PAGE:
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Curbing the Housing Supply Shortage

Updated: Mar 15

Rising housing prices are becoming a serious issue across the country. How can we better manage the housing supply shortage in America to help solve this problem?


One of the major issues US citizens face today is rising housing prices. The US faces a housing shock gap of about 3.8 million units in 2020, according to Jeffery Zabel of EconoFact. With soaring inflation and interest rates that impact mortgage rates as well, both renting and buying homes have become more expensive than usual.


The Washington Post also suggests that every $100 increase in median rent is associated with a 9% increase in the estimated homeless rates. Although a few economists predict the drop in housing prices to be about 4% in 2023, the resulting decline in construction and rising inflation rates would not make a significant difference to housing affordability. As a result, it is important to look for larger solutions to the housing supply shortage that incentivizes construction. 


According to a recent report from CNBC, about 15% of American households are currently behind on their rent. Along with higher rental prices, citizens are dealing with inflated costs of their everyday expenses further straining their budgets and pushing them towards homelessness. Considering the rapid increase of housing prices and the oncoming estimations of a recession, in the short term it is important for renters to have a cushion for their increased costs through financial assistance programs. The federal government should be protecting and expanding the Housing Choice Voucher program for low and moderate-income brackets, and potentially lift 9.3 million individuals above the poverty line, as suggested by the Center for American Progress. Additionally, the Emergency Rental Assistance program could also be integral for families and needs to be funded further. 


One of the main long-term culprits of the housing shortage has been the local zoning laws that allow local governments to regulate and restrict the different purposes for the areas under their jurisdiction. This means that local governments can determine which land can be used for residential, commercial and agricultural purposes.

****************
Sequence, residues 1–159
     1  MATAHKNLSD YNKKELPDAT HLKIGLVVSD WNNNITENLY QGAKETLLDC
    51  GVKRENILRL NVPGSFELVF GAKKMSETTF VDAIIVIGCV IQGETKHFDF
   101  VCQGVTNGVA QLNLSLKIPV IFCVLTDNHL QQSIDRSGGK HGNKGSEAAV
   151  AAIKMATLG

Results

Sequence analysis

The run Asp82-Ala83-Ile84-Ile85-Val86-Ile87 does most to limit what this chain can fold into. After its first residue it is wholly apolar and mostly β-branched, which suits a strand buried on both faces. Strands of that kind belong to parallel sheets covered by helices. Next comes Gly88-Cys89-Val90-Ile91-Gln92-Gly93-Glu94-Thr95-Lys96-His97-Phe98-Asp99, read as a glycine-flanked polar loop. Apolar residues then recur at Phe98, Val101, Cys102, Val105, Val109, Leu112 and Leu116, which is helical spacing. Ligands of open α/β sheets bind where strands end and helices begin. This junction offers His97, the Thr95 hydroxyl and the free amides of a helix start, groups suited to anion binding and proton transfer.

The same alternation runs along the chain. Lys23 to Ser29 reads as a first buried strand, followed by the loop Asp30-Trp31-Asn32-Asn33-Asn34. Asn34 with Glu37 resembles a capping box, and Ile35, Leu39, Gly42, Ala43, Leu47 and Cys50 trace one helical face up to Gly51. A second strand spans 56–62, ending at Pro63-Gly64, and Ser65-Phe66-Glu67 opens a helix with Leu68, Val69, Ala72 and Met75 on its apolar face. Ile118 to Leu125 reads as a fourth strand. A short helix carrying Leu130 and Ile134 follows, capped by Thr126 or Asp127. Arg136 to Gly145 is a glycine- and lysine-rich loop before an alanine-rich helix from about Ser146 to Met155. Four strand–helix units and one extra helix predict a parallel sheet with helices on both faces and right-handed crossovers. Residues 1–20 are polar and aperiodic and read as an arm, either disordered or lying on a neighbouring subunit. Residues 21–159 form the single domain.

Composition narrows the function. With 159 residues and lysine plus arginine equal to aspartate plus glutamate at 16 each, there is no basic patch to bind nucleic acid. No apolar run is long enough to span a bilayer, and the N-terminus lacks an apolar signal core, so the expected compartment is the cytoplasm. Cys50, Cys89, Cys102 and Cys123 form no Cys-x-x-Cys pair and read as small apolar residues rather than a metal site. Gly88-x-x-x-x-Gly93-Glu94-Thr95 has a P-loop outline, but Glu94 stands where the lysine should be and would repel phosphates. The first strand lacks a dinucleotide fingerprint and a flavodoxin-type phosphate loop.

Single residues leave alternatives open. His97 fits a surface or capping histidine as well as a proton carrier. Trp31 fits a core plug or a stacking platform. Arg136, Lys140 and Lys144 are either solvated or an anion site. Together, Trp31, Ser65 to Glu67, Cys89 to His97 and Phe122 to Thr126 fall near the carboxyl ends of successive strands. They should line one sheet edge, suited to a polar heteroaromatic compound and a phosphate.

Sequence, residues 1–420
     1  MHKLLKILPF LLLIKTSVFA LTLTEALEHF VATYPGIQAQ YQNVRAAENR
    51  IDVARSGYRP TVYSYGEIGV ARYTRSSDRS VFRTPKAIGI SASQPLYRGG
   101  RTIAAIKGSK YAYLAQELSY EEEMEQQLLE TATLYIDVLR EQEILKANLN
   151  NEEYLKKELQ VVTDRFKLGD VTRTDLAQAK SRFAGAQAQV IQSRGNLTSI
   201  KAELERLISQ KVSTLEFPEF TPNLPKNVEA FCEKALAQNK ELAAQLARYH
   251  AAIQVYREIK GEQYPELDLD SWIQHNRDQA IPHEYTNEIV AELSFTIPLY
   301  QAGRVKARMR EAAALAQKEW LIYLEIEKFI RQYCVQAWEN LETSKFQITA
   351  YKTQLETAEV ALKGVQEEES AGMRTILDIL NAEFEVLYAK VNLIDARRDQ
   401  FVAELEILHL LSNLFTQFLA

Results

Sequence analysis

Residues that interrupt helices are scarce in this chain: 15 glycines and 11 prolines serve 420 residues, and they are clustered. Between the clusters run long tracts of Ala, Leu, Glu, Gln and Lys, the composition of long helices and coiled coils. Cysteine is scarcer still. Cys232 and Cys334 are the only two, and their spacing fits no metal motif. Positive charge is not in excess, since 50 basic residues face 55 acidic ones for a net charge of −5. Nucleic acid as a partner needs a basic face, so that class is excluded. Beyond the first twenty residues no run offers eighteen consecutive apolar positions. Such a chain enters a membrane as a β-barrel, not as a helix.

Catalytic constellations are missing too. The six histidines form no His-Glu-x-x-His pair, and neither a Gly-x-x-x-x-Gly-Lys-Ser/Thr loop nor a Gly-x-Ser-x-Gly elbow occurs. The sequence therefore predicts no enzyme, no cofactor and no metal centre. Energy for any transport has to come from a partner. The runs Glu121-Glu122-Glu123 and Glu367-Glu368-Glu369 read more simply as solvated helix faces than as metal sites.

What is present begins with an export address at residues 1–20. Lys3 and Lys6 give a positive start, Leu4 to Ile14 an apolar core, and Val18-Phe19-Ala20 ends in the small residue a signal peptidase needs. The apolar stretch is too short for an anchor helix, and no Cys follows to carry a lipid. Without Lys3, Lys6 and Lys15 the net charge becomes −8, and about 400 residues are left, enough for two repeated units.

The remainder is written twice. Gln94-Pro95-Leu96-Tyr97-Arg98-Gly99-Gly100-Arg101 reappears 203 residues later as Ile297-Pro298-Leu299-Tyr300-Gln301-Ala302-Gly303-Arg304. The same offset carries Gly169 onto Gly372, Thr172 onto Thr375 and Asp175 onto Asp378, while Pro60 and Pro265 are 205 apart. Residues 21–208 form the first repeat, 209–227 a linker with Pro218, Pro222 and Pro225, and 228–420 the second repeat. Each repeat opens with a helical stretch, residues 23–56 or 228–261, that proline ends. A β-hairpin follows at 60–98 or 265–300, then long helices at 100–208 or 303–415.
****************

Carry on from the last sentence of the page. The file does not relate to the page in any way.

These zoning laws can also be exploited by having homeowners convince officials to restrict the supply of residential housing, particularly for low-income homes in the suburbs, by hiking up the prices in these areas. The Biden administration announced the Housing Supply Action Plan with proposed spending of $10 billion to address these regulatory barriers and provide long-term affordable housing built on an active economy with increasing construction jobs, according to an article by Andrea Riquier of Forbes. Additionally, the fund would enable leaders to streamline production costs in terms of time and money. The advantages and long-term impact of the bill make it crucial for us as citizens to advocate for this bill and signal its importance to Congress.


The opinions expressed in this article are those of the individual author.


Sources


Bhattarai, Abha, and Rachel Siegel. “Inflation Is Making Homelessness Worse.” The Washington


Dore, Kate. “These Are the 10 States Where Renters Are Most behind on Payments - and

High-Cost California Didn't Make the List.” CNBC, CNBC, 7 Oct. 2022, www.cnbc.com/2022/10/07/renters-are-most-behind-on-payments-in-these-states.html.


Khan, Ashfaq. Weller E., Christian. Roberts, Lily. Zonta, Michela. “The Rental Housing Crisis Is

a Supply Problem That Needs Supply Solutions.” Center for American Progress, 23 May 2017, www.americanprogress.org/article/the-rental-housing-crisis-is-a-supply-problem-that-needs-supply-solutions/


Riquier, Andrea. “Housing Market Predictions in 2022: Will Prices Drop?” Forbes, Forbes


Zabel, Jeffrey, et al. “Why, and Where, Are Housing Prices Rising?” Econofact, 2 Feb. 2022,


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